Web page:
July 2018
Volume 59, Issue 9
Open Access
ARVO Annual Meeting Abstract  |   July 2018
The role of aldose reductase in lens regeneration
Author Affiliations & Notes
  • Leonid M Zukin
    Ophthalmology, University of Colorado School of Medicine, Greenwood Village, Colorado, United States
  • Michelle G Pedler
    Ophthalmology, University of Colorado School of Medicine, Greenwood Village, Colorado, United States
  • Biehuoy Shieh
    Ophthalmology, University of Colorado School of Medicine, Greenwood Village, Colorado, United States
  • Sarah Seiwald
    Ophthalmology, University of Colorado School of Medicine, Greenwood Village, Colorado, United States
  • J. Mark Petrash
    Ophthalmology, University of Colorado School of Medicine, Greenwood Village, Colorado, United States
Investigative Ophthalmology & Visual Science July 2018, Vol.59, 1206. doi:
  • Views
  • Share
  • Tools
    • Alerts
      ×
      This feature is available to authenticated users only.
      Sign In or Create an Account ×
    • Get Citation

      Leonid M Zukin, Michelle G Pedler, Biehuoy Shieh, Sarah Seiwald, J. Mark Petrash; The role of aldose reductase in lens regeneration. Invest. Ophthalmol. Vis. Sci. 2018;59(9):1206.

      Download citation file:


      © ARVO (1962-2015); The Authors (2016-present)

      ×
  • Supplements
Abstract

Purpose : After cataract surgery, the residual layer of lens epithelial cells lining the anterior capsule can undergo several different responses, including fibrosis and lens fiber cell differentiation. The fibrotic response leads to posterior capsular opacification (PCO), while the lens fiber cell differentiation response can lead to regeneration of lens material. While we previously demonstrated that the PCO response can be suppressed with aldose reductase (AR) inhibitors, follow up studies described here revealed unexpectedly higher levels of lens regeneration in AR deficient mice (ARKO) following extracapsular lens extraction (ECLE).

Methods : The entire lens was removed from one eye of C57BL/6 (WT), AR-transgenic (AR-Tg), and ARKO mice using an ECLE procedure. Whole eyes were harvested up to 8 weeks postoperatively and stained with either hematoxylin and eosin or immunostained for crystallins and the fibrosis marker α-smooth muscle actin (α-SMA). To ensure consistency, all eyes examined for lens regeneration were completely sectioned in the coronal plane and slides were chosen that showed the regenerated lens material in its largest dimension.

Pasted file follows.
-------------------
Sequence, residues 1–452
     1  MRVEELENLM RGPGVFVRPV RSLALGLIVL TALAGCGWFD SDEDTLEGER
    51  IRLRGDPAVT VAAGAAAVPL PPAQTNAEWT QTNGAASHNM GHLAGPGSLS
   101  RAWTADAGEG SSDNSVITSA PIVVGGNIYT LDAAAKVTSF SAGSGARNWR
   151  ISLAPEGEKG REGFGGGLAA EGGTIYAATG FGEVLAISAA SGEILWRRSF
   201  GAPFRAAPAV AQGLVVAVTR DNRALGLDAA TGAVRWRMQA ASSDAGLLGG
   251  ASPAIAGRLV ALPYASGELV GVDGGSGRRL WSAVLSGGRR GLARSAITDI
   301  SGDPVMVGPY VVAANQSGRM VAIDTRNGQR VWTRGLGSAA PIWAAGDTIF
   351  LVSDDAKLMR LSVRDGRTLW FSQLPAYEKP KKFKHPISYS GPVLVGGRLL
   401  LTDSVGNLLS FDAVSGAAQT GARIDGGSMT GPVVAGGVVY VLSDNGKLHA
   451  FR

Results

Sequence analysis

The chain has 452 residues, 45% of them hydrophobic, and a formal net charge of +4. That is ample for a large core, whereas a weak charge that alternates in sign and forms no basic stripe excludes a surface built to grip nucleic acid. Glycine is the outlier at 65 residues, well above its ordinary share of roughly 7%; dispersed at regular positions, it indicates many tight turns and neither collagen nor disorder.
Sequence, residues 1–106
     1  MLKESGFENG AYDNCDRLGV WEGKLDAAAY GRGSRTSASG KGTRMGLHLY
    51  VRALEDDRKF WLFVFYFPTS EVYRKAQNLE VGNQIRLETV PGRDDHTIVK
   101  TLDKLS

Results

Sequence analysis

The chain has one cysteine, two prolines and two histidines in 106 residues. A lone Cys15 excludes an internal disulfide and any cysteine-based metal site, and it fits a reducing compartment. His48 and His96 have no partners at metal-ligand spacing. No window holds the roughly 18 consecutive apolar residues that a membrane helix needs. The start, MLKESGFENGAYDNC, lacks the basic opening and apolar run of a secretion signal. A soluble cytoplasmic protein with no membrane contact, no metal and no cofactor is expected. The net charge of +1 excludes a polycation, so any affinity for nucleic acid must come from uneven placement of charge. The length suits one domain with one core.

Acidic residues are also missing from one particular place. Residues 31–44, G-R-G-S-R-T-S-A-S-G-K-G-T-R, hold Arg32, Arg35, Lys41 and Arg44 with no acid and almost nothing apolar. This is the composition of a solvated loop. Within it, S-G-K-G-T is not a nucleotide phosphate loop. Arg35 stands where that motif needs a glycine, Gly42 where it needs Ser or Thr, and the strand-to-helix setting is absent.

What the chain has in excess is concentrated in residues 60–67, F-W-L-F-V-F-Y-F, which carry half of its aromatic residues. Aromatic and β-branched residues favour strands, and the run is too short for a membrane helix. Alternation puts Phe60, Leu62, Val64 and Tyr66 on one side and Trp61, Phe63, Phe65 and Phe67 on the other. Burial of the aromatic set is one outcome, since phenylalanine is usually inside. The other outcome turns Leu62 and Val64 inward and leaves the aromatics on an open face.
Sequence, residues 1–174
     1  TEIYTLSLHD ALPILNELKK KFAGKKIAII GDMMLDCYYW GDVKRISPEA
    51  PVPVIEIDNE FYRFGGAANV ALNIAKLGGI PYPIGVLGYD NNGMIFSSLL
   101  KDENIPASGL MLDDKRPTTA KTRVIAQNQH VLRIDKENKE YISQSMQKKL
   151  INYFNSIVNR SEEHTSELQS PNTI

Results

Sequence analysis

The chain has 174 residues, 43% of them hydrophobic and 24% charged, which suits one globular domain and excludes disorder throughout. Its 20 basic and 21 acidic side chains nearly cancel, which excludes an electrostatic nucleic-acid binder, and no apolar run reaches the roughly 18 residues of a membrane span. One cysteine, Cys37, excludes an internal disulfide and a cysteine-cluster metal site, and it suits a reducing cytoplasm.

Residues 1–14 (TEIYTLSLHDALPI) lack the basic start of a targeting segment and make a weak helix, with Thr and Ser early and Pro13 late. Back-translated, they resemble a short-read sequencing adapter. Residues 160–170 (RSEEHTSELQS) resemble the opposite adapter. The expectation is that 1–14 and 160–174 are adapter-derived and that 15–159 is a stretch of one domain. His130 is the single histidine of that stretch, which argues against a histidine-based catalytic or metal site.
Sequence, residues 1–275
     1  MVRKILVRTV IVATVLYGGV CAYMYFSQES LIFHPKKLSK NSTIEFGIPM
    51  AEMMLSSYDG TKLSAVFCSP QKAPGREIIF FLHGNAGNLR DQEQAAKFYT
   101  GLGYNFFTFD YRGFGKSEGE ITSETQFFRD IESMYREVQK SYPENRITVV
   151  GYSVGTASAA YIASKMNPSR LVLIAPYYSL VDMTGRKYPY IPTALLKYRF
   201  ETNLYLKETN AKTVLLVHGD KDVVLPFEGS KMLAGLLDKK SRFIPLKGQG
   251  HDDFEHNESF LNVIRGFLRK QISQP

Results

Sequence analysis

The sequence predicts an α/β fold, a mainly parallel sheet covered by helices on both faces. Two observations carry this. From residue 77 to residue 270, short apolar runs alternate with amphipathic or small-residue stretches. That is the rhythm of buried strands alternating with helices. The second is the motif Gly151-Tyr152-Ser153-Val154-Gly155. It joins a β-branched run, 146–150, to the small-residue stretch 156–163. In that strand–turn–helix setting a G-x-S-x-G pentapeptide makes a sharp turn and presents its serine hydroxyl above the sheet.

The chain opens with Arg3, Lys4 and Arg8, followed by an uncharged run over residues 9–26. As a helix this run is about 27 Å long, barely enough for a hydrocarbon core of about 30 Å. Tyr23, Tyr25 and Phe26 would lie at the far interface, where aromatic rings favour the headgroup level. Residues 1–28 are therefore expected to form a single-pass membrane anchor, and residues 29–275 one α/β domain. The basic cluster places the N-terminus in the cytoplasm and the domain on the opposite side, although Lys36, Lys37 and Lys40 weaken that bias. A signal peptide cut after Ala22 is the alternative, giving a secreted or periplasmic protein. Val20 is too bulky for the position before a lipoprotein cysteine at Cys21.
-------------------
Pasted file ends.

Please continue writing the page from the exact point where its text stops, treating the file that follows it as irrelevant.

Results : Five days after ECLE, all mouse strains exhibited robust αA-crystallin staining within the capsular bag, but ARKO lens capsules demonstrated substantially less staining for α-SMA. This suggested that lack of AR suppresses the fibrotic response in the immediate postoperative period, but not the lens fiber differentiation pathway. Eight weeks after ECLE, ARKO mice eyes contained a regenerated intracapsular, γ-crystallin positive lens-like structure, exhibiting a circular shape and bow region with elongated, nucleated cells (Panel A). Although WT and AR-Tg eyes also produced an intracapsular, γ-crystallin positive mass after ECLE, their structures were smaller, of irregular shape, and lacked recognizable lens-like anatomy (Panels B and C, respectively). ARKO regenerated a lens-shaped structure 44% the size of its unoperated, contralateral lens, whereas WT and AR-Tg eyes only produced lens fiber masses 8% and 14% the size of their contralateral control eyes, respectively.

Conclusions : This study further validates the critical role of AR in the post-operative PCO response and its potential role in the regulation of lens regeneration.

This is an abstract that was submitted for the 2018 ARVO Annual Meeting, held in Honolulu, Hawaii, April 29 - May 3, 2018.

 

Legend: γ-crystallin staining of ARKO (A), WT (B), and AR-Tg (C) eyes 8 weeks post-ECLE.

Legend: γ-crystallin staining of ARKO (A), WT (B), and AR-Tg (C) eyes 8 weeks post-ECLE.

×
×

This PDF is available to Subscribers Only

Sign in or purchase a subscription to access this content. ×

You must be signed into an individual account to use this feature.

×